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Seattle leaders propose millions in spending for COVID recovery, aging bridges

University Bridge and I-5. (Photo courtesy of SDOT Flickr)

Seattle city leaders unveiled a pair of proposals this week to direct millions of dollars towards COVID-19 recovery efforts, aging infrastructure, and more.

Audit: Seattle doesn’t spend enough money on bridge maintenance

The first proposal — from Councilmembers Alex Pedersen, Lisa Herbold, Andrew Lewis, and Teresa Mosqueda — would put $100 million in money raised by an additional $20 vehicle license fee toward fixing the city’s aging bridges and infrastructure.

Upwards of $88 million would be put toward bridge maintenance annually. That was a decision driven by a 2020 audit that concluded that the city was spending “tens of millions of dollars less than what is needed” to adequately preserve its 77 separate spans, and that many were already in poor condition due to neglect.

“In a city carved by waterways and ravines, we rely on bridges to support all modes of transportation that connect us and keep our economy moving,” councilmembers detailed in a joint statement. “We have a duty to stop kicking the can down the road, and now we have an opportunity to go bigger and bolder.”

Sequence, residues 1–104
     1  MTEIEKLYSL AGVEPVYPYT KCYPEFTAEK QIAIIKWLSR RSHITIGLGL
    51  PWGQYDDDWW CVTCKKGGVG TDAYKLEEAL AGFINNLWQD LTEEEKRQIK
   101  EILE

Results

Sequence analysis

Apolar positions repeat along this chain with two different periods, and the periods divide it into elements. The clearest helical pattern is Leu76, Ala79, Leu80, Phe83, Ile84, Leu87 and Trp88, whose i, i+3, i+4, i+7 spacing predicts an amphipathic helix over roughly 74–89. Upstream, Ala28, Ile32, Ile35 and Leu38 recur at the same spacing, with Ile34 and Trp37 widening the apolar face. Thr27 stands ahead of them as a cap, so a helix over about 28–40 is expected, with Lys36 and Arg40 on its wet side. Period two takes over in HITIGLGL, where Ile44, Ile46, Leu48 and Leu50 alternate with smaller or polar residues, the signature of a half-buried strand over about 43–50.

Millions more would go toward seismic retrofits for 16 bridges, including ones leading in and out of Ballard, Fremont, and the University District. Funding would also cover replacing the 90-year-old Magnolia Bridge, while another $8 million would go toward maintaining and fixing Seattle’s older draw, bascule, and swing bridges.

A separate proposal unveiled on Wednesday by Mayor Jenny Durkan and Councilmembers Lorena Gonzalez and Teresa Mosqueda would put $18 million in COVID-19 aid toward “health, food, and families.”

WA close to ‘turning the corner’ on COVID, but seeing start of fourth wave 

If passed, it would “increase appropriations for existing COVID-related city services through the end of 2021,” fund vaccine outreach to at-risk groups, provide additional food bank support to families and children, and establish grants for child care providers.

“Our focus is building back our city better, which means that we must center our equitable response and recovery on Seattle’s businesses, families, and communities,” Durkan said in a written release.

The money would be taken from unspent federal COVID-19 relief funds distributed to the city in 2020. An additional $119 million from the American Rescue Plan will be allocated by the mayor and city council sometime in May.

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